For more information, contact Lt. Jason Doherty at (504) 671-2266.
Obama signs two-year authorization bill for Coast Guard
President Obama has signed a bill (H.R. 2838) authorizing $8.6 billion this fiscal year and $8.7 billion in fiscal 2014 for the Coast Guard.
The House Transportation and Infrastructure Committee noted that the bill eliminates the Transportation Security Administration’s requirement for maritime workers to make multiple trips to a Transportation Worker Identification Credential (TWIC) enrollment center to receive the TWIC card. The bill also extends the duration of medical certificates so mariners can continue to work while the Coast Guard reduces its backlog of applications.
Rep. Frank LoBiondo (R-N.J.), chairman of the Coast Guard and Maritime Transportation Subcommittee, said the bill reverses the “irresponsible” cuts to the Coast Guard by the administration.
“The president proposed to slash the service’s acquisition budget by nearly 20 percent, reduce the number of service members by over 1,000, close seasonal air facilities, and take recently upgraded helicopters out of service,” LoBiondo added.
Coast Guard relaxes unescorted-access policy
The Coast Guard has issued a new policy relating to unescorted access by Transportation Worker Identification Credential (TWIC) holders who have reported their cards lost, damaged or stolen.
Under new Policy Letter 12-04, facility owners and operators may grant unescorted access to those individuals for up to 37 days, if they demonstrate that a replacement card has been ordered and provide the facility’s security officer with their name as it is recorded by the TWIC office.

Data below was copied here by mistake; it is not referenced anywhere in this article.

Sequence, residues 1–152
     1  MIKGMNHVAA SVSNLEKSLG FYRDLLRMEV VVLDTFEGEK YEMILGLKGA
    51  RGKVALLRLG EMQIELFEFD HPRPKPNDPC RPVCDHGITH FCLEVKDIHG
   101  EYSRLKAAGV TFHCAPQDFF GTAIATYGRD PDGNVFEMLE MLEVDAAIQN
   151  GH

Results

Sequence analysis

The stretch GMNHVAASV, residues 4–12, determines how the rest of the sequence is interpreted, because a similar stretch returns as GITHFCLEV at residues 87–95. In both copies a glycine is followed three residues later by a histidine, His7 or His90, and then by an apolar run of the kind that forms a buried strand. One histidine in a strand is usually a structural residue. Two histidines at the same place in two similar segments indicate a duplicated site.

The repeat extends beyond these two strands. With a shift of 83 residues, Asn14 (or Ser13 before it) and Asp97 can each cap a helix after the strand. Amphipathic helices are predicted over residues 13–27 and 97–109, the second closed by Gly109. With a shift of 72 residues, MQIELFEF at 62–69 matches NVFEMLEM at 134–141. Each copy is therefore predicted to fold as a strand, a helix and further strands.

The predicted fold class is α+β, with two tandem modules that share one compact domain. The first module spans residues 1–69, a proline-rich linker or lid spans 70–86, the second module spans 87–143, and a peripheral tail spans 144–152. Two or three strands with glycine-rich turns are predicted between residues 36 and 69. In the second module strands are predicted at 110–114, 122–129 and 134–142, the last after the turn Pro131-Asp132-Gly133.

The new policy also allows unescorted access for workers who apply for a renewal TWIC prior to the expiration of their existing card but who are unable to take possession of the replacement before it expires.
Lidinsky confirmation left to new Senate
Among the dozens of nominations that the new Senate returned to the president Jan. 3 was that of Richard A. Lidinsky Jr., who was renominated to the Federal Maritime Commission (FMC) for a term ending June 30, 2017.
Under Senate rules, nominations that remain unconfirmed at time of adjournment are returned to the president.
Lidinsky, renominated by the president last year, has been an FMC member and chairman since August 2009. Lidinsky’s nomination is expected to be resubmitted for consideration by the Senate.
Meanwhile, the Senate voted Jan. 1 to confirm the nomination of William P. Doyle to the FMC for a term ending next June 30.
Merchant Marine Personnel panel seeks members
The Coast Guard has invited interested parties to apply for membership on the Merchant Marine Personnel Advisory Committee to fill six positions that will become vacant June 1.
Applications should be submitted to the Coast Guard by March 11.
For more information contact Davis J. Breyer at (202) 372-1445.